This week, many organizations around the world are holding events for “Israel Apartheid Week” in solidarity with Palestinian resistance against settler colonialism. As part of this week, we at Hopkins Students for Justice in Palestine painted “End Israeli Apartheid” over a Palestinian flag on the Blue Jay statue Wednesday morning. The response to this action by some members of the Hopkins community has demonstrated a lack of understanding of the term apartheid.
Apartheid – a term originally coined to describe the systematic discrimination and segregation in South Africa between 1948 and 1991 – refers to “an institutionalized regime of systematic oppression and domination by one racial group over any other racial group or groups and committed with the intention of maintaining that regime” (see: 2002 Rome Statute of the International Criminal Court, Article II, included in full below). Article II also states that “the term “racial discrimination” shall mean any distinction, exclusion, restriction or preference based on race, colour, descent, or national or ethnic origin which has the purpose or effect of nullifying or impairing the recognition, enjoyment or exercise, on an equal footing, of human rights and fundamental freedoms in the political, economic, social, cultural or any other field of public life.” (emphasis added)
We, Hopkins Students for Justice in Palestine, do not use the word apartheid lightly or for controversy’s sake. We use it to accurately describe atrocities committed in Palestine/Israel, and to shed light on how exactly they manifest. In the West Bank, we have the most obvious parallels with the South African experience. There, Israel maintains a system of separation geared toward privileging the 600,000 Jewish Israelis who live in settlements beyond the Green Line. They receive generous benefits from the state; access to education, jobs, and services; and are subject to, and protected by, Israeli law. Palestinians who live in the same territory, on the other hand, face a different set of circumstances: land confiscations and home demolitions; decaying infrastructure and schools; and martial law, harsh sentences, and extended imprisonment without trial. Within Israel itself, the situation is more complicated. Palestinian citizens of the state enjoy voting rights, but face numerous forms of institutional discrimination. Perhaps the most glaring is Israel’s Law of Return, which gives any Jewish individual the right to full citizenship in Israel. Palestinian refugees are offered no such luxury. In the Gaza Strip, Israel controls the movement of goods and people into and out of the area, and has maintained a veritable siege since 2005. As it stands, Gaza’s unemployment rate is the highest in the world, and nearly all of the enclave’s water is undrinkable. Grinding poverty is punctuated by regular assaults on the territory, which have claimed thousands of lives. Apartheid has manifested: according to a recent UN report, the territory will be uninhabitable by 2020.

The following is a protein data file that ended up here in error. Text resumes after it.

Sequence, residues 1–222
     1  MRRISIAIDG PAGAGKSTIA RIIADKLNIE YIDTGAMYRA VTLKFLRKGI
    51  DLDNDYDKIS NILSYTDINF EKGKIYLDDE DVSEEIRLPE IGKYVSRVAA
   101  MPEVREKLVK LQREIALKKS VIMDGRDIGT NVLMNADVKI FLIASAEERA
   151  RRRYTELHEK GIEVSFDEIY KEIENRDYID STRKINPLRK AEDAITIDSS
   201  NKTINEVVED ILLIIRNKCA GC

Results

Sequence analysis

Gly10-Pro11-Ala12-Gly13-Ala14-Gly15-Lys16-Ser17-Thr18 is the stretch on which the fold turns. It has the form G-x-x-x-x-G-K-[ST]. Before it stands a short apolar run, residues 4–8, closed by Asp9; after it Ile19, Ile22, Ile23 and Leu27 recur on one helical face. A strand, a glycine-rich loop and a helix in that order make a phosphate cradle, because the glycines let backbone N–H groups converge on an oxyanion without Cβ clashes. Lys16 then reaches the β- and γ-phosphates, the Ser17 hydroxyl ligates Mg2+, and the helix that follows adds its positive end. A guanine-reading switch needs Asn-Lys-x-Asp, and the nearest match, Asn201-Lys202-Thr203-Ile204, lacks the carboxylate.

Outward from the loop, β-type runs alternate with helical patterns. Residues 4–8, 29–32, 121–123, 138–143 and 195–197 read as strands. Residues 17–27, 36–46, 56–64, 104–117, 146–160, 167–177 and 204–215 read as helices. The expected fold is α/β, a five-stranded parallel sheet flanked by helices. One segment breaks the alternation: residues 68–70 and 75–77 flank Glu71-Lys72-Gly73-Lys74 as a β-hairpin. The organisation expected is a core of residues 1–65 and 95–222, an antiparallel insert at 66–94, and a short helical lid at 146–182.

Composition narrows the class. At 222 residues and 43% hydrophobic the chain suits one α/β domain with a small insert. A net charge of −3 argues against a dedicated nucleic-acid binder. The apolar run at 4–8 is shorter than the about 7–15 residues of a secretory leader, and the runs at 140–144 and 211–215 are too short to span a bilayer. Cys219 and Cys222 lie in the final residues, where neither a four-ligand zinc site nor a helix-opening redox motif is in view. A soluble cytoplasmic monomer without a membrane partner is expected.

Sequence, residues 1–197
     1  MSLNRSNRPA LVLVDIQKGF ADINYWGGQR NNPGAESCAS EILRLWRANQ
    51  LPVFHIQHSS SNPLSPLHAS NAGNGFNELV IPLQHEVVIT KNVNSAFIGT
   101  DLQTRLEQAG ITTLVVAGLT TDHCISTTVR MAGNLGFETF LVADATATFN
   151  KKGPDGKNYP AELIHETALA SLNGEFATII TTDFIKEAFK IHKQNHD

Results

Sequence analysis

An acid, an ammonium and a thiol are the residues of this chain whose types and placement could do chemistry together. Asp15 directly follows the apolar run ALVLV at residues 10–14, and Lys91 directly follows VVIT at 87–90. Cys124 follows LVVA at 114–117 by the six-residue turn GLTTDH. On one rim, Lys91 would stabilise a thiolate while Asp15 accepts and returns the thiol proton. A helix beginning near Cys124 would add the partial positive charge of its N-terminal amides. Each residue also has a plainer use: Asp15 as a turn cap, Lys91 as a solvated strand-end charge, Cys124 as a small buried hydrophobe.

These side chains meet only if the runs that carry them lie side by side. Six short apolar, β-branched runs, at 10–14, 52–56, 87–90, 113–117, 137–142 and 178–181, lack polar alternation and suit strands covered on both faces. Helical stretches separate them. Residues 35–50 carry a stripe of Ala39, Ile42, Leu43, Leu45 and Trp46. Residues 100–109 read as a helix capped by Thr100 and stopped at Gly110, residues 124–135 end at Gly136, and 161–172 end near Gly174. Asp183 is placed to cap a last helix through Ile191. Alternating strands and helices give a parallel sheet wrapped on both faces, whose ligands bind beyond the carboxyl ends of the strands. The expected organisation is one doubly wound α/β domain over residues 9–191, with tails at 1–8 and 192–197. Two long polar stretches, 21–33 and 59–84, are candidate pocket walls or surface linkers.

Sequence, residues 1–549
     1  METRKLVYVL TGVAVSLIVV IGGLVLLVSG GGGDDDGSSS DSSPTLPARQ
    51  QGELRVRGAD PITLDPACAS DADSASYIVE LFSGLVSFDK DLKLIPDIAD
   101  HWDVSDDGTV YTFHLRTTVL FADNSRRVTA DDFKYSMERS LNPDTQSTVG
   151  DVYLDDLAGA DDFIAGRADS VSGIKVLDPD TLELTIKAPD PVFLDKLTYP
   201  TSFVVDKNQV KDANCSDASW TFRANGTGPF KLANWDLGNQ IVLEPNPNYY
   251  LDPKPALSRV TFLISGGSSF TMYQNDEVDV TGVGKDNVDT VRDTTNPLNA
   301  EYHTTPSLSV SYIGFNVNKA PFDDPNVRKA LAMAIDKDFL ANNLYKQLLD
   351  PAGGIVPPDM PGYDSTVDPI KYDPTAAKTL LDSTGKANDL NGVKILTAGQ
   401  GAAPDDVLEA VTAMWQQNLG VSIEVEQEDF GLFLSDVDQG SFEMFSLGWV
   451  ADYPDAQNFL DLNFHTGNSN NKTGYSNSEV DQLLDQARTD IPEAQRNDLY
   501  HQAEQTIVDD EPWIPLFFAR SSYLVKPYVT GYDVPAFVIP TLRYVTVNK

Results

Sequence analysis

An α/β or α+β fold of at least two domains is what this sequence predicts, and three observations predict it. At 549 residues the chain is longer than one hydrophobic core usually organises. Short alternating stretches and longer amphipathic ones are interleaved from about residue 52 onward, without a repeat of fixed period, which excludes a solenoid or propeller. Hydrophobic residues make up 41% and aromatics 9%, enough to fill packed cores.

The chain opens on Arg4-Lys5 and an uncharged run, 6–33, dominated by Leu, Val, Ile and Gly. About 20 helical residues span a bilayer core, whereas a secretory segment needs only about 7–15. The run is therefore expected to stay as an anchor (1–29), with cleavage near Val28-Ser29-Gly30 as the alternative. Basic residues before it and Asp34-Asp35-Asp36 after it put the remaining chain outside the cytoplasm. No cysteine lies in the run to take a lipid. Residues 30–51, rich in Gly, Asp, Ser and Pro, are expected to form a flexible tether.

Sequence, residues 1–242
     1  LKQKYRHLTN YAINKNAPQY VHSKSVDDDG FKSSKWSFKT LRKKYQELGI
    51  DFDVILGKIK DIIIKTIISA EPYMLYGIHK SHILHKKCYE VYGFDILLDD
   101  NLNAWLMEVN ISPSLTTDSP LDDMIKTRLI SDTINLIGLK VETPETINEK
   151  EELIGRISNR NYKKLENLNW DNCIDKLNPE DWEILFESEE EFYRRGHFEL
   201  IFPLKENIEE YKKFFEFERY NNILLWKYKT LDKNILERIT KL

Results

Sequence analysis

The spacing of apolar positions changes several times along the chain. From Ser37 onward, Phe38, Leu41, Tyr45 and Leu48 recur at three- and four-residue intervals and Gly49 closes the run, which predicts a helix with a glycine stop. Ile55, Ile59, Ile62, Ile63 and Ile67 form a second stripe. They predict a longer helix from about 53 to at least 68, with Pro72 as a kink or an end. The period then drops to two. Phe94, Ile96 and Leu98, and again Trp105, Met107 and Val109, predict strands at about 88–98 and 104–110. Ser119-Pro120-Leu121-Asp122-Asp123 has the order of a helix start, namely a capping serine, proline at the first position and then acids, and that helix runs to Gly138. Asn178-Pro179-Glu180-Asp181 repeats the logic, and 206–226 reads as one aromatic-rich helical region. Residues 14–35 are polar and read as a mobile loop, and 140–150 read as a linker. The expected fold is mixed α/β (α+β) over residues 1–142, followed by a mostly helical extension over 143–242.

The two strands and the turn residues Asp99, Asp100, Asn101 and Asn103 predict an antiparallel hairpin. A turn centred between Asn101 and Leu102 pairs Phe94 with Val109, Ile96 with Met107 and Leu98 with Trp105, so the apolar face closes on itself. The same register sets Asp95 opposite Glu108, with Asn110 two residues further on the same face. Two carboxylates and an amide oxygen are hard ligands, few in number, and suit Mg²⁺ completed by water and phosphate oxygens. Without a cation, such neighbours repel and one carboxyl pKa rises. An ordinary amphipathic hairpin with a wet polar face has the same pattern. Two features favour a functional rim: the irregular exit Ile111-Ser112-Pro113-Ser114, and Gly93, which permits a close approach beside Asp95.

The extensive backlash at the usage of the term apartheid – in relation to Israel – stems from those who either participate in it, or are complicit in it. The painting over of the Palestinian flag on our campus this week was a microaggression geared towards silencing any criticism of the Israeli settler state. We invite anyone interested in pursuing justice in Palestine learn more by joining us in our weekly meetings. We encourage our allies to remain steadfast in the fight against racism, imperialism, and settler colonialism everywhere.